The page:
After the conference, I spent days whittling away at my inbox and last night, I was struck by an email from an old friend.
Despite having two novels do moderately well, my friend was struggling not just with writing but with balancing work with her growing family.She is now a mother of four instead of the small, single child with her first book. She desperately wanted to know how I "did it all."
Let's be honest for one hot minute.
Nobody does it all.
I'm on the board of a few charitable organizations and no one, not a single person does it all.
Even writing, a fairly solitary endeavor, is done by a single person (and if it is, you'll the lackluster craft in a jiffy). There's always an editor or beta reader, somebody other than the author who helps with the polishing act of publication.
Success is never an isolated incident. Someone at some point helped.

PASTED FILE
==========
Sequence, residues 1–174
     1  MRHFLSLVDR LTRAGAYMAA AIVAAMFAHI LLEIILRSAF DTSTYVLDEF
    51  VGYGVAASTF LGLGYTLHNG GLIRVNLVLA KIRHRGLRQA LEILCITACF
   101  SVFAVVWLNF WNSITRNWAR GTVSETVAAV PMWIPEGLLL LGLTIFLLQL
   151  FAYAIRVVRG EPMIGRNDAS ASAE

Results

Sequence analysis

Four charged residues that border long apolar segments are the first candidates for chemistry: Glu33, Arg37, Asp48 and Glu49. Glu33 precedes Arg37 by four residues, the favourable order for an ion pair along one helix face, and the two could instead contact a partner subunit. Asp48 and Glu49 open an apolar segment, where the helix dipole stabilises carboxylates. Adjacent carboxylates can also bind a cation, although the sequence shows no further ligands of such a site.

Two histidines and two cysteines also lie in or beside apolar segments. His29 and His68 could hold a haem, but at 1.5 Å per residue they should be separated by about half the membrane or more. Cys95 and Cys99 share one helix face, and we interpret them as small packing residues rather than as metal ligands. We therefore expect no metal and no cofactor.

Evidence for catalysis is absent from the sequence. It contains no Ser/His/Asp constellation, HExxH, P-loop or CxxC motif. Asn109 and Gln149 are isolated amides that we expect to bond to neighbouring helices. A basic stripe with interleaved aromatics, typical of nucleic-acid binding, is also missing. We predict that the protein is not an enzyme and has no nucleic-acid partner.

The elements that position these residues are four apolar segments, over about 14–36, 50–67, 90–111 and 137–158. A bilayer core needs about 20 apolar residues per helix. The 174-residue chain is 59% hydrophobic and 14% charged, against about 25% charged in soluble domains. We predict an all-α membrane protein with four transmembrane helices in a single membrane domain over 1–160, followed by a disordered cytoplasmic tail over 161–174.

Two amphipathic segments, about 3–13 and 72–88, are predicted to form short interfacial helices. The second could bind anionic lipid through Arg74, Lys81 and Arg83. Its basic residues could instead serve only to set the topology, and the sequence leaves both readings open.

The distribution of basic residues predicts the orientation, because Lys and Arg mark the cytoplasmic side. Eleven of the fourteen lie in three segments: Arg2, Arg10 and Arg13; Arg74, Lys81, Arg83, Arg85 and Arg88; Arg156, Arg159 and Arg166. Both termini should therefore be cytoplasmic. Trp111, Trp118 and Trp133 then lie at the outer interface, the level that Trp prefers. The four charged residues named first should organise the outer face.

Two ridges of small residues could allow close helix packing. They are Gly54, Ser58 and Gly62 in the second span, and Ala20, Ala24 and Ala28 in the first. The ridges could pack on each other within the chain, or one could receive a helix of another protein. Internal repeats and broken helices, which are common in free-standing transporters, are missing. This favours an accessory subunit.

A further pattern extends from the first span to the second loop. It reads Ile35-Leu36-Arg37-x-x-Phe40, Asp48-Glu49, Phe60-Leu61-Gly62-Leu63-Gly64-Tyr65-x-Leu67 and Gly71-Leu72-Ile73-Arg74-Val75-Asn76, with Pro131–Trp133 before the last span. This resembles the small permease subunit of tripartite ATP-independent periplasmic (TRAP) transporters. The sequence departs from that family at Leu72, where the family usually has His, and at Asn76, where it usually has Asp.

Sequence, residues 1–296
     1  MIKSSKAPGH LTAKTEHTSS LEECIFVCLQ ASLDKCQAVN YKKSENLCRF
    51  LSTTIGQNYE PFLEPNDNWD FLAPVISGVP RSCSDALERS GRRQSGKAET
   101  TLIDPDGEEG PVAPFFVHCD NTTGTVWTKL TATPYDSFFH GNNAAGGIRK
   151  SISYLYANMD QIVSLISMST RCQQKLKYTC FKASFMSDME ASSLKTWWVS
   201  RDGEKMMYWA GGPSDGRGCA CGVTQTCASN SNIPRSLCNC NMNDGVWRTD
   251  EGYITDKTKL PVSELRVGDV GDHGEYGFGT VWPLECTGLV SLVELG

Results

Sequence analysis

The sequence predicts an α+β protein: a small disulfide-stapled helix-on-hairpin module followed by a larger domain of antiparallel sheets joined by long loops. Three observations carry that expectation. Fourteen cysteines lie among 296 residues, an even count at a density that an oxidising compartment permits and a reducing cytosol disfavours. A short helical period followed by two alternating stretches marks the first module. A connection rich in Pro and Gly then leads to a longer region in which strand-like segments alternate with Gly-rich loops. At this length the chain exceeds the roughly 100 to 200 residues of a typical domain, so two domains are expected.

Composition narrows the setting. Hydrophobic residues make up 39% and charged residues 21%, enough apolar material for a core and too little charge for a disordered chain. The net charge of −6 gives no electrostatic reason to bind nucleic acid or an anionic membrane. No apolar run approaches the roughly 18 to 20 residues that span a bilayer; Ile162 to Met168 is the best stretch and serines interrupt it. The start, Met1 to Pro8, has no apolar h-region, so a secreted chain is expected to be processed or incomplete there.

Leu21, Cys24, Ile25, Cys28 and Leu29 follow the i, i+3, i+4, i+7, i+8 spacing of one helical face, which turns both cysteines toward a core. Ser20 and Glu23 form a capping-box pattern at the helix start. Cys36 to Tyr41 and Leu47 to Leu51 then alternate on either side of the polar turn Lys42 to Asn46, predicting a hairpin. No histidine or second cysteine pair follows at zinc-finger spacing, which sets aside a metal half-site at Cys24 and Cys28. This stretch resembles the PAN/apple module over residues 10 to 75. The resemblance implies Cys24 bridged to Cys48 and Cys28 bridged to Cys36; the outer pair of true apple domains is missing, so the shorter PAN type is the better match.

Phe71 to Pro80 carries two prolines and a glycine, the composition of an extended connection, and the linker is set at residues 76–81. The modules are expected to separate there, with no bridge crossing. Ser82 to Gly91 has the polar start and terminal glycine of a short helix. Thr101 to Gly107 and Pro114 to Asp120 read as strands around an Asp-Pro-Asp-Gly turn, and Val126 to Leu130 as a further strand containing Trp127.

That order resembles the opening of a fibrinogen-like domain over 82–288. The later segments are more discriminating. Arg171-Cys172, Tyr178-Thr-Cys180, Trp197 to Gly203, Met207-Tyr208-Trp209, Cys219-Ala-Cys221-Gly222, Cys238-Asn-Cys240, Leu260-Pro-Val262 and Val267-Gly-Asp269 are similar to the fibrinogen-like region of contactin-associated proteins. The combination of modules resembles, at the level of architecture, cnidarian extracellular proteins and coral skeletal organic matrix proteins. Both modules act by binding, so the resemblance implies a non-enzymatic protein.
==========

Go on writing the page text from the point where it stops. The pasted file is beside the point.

I can't do it all.
Let's repeat that so everyone can remember, I can't do it all.
Hence the reason I'm stepping back from Writers of Kern (and the very reason I was hesitant to become president).
I don't want to miss the beauty, the point of living. That's why we write, to articulate the meaning of all that surrounds us. We're the storytellers, the givers of insight and empathy. What might feel like a distraction, might actually be fodder for our writing.
My friend is dedicated to her writing (as we all should be, protect those writing hours like you would a newborn's nap) and just needed affirmation that I am no different. And I'm not. I told her the nitty gritty of everything that has fallen a part in the last few weeks. She'll feel much better at my expense, which I'm more than happy to help in that area.
Just remember, we have a calling. Not just to our craft but to the people who inspire us, who depend on us.
We can't do it all. Nor should we.